*NOTE: This is a beta and we are listing what we hope is fixed for the final release. This is by no means a final assesment of the game. We will have the review when it releases later this year!*
What was offered was a quick glimpse of the extremely in-depth customization right from the get go. You are tasked with creating a player and you can fine tune pretty much every aspect of this player. You want his socks in or out of the skate? What brand of stick do you want? Almost everything is covered making your player pretty unique to you.
This depth then leads into EASHL where you can create a team, and of course an arena. The customization options are limited for the beta, but they allow you to glimpse into the possibilities from the final game. You could easily spend a few hours just looking through the options here, and it’s neat.
Basically the entire beta was all online modes and no single player modes, which is both good and bad.
The Bad, online connections are still a disaster.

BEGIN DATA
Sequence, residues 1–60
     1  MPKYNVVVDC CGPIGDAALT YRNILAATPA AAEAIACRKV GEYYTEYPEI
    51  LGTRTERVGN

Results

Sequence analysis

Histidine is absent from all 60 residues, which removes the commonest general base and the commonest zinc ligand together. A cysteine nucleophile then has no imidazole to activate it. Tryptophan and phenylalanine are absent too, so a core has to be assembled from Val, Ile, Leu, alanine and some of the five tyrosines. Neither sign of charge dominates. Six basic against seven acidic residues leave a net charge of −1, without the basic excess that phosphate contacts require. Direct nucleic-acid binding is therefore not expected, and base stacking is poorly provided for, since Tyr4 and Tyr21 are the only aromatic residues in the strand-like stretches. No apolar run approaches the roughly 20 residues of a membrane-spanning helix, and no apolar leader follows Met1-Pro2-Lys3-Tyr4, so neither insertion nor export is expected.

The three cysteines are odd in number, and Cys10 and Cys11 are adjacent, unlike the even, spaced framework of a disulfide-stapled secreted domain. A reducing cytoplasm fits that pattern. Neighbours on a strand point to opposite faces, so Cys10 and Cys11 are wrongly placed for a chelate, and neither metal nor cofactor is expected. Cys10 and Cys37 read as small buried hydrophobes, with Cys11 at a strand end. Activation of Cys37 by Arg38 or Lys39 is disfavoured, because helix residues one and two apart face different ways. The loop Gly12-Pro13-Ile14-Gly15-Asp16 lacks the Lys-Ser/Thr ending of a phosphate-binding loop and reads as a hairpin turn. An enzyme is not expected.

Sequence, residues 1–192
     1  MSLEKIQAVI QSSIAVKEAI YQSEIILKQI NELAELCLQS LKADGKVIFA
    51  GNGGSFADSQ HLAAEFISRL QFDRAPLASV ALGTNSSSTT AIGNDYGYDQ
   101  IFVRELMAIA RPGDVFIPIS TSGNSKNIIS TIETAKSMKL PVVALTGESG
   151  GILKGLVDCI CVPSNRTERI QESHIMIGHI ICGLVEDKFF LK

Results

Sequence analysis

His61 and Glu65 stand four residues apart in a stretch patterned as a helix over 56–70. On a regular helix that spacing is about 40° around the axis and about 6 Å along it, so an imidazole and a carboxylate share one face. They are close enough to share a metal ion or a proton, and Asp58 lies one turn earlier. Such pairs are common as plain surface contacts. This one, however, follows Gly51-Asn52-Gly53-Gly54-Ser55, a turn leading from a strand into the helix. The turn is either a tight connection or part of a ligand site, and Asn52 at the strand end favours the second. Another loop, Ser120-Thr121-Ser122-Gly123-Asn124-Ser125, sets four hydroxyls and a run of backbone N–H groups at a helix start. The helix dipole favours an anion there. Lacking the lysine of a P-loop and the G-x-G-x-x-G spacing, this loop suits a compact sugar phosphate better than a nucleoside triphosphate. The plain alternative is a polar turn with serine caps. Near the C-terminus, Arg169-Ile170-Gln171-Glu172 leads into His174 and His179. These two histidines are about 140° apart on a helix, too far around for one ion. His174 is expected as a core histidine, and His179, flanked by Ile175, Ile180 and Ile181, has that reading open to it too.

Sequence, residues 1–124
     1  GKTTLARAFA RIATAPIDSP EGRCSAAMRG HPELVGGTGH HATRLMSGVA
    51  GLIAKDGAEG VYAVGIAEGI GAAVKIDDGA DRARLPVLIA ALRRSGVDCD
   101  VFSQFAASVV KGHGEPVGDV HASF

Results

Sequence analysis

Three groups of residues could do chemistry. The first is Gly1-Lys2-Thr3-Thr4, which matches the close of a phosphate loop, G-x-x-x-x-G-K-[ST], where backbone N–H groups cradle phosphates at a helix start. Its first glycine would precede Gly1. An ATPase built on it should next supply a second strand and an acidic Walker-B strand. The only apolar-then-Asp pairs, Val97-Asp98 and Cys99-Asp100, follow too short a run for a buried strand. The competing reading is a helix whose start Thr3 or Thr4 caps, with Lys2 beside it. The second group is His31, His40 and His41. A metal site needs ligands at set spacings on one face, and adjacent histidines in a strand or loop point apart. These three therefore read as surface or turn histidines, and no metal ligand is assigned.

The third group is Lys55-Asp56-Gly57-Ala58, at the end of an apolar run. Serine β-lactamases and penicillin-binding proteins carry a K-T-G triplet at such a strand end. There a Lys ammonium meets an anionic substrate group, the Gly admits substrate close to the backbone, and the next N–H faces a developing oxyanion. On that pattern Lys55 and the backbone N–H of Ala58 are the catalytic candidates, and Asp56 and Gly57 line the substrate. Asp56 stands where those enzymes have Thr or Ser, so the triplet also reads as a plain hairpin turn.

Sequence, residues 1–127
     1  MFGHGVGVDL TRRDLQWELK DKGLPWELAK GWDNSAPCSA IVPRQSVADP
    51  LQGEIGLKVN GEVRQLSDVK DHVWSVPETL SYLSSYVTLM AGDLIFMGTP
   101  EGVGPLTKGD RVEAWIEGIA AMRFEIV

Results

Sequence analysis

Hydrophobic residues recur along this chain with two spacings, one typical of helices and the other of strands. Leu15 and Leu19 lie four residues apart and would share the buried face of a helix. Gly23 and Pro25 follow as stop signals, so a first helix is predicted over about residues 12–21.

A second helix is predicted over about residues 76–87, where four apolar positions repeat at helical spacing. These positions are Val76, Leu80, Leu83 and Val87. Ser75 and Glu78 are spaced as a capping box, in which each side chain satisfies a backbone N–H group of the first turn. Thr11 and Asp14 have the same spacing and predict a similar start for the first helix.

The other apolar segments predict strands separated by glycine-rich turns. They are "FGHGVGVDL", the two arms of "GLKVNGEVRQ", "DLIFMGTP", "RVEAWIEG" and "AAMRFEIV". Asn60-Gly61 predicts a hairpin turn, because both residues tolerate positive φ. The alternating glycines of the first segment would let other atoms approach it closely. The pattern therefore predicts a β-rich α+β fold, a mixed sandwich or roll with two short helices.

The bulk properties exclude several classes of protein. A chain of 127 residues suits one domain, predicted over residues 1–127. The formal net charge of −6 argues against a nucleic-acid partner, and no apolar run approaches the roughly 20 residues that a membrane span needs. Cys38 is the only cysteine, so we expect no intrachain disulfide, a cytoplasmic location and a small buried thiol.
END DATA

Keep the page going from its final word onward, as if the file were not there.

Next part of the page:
The first thing I wanted to try out was, of course, the new skating features they have been hyping for some time. According to the developers there is a level of finesse when skating around the ice now, with more in-depth zone coverage. The bad news is there is no real way to test this online because jittery online connections make the game sporadic with flaws all over. The AI can’t really compute what you are doing in finesse moments making a frustrating experience. There are plenty of times when your player will skate right over the puck and not gain possession, or passes that deflect off them. Other times when you dump the puck in, your team will still quickly bolt out of the zone instead of giving chase. This makes it hard for when someone is lagging and utilizing the new tricks, while you can’t even keep possession due to lag compensation.